The recent story and emerging details concerning a New Jersey deli owner who won the fourth-largest Powerball jackpot in history include relevant information pertaining to child support and a not-often cited mechanism for collecting payments owed.
The man was the sole winner of a $338 million jackpot, which he opted to take as a lump sum. After taxes, that amount came to a whopping $152 million.
With that notoriety also came the story that the man was in arrears on his child support payments for several offspring to the tune of $29,000. In fact, there was an arrest warrant out for him.
Authorities stayed the warrant, enabling the man to appear in court and settle his obligation. New Jersey law actually provides that the money would have been paid, anyway, prior to disbursement of the lottery winnings.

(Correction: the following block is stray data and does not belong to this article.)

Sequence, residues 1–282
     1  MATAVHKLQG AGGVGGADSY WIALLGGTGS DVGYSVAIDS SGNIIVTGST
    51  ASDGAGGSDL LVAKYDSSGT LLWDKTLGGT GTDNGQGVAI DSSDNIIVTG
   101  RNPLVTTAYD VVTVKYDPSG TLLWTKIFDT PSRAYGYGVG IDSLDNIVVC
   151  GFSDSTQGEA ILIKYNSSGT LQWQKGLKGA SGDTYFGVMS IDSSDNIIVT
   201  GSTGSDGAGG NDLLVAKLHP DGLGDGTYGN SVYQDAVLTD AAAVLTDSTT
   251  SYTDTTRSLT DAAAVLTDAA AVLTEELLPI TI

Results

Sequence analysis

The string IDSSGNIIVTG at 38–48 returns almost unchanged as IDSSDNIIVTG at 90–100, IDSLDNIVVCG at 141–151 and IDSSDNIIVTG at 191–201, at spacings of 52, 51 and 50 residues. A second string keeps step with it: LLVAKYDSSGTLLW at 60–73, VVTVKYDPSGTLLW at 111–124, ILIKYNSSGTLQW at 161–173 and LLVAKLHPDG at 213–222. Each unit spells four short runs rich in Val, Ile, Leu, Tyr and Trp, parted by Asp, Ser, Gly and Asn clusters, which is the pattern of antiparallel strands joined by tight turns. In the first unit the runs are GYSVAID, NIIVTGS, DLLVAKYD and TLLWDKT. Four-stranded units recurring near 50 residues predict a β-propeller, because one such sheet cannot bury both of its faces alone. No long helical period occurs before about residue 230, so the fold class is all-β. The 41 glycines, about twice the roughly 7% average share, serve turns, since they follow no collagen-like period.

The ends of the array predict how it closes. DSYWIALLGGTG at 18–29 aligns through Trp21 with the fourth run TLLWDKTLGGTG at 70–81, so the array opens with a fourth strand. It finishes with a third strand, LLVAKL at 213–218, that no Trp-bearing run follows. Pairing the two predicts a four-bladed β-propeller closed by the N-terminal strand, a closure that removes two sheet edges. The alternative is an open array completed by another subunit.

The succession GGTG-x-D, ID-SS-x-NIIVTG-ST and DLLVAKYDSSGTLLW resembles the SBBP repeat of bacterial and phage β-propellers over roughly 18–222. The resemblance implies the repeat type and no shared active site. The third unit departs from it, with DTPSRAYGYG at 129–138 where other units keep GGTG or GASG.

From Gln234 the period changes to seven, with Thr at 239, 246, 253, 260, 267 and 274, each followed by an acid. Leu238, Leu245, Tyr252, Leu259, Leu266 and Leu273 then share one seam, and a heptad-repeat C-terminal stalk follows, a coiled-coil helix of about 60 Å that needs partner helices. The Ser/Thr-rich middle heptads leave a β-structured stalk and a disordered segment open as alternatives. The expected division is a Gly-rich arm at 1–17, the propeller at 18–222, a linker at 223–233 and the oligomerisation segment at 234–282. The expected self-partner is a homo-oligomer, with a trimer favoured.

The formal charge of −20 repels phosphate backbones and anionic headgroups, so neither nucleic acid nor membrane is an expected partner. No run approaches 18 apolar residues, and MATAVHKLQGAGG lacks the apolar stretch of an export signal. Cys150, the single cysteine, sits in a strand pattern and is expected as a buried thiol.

The story has served to highlight a similar law in other states as well, including Georgia, which also provides for the satisfaction of past-due support from gambling-related winnings before they are released to a parent. The Georgia Division of Child Support Services refers to the law and mechanism for withholding as "lottery intercept."
The Georgia Lottery Commission reports all gambling winnings that exceed $600 to federal and state tax authorities. Additionally, the commission is tasked with checking to see whether a winner has outstanding support obligations. If so, an amount up to the entire amount owed is deducted prior to disbursement of winnings, provided winnings are $2,500 or above.
Source: Atlanta Journal-Constitution, "Powerball winner Pedro Quezada settles $29,000 child support debt," Alyssa Newcomb, April 1, 2013
US-lottteries.com, "Georgia Lottery General Information," undated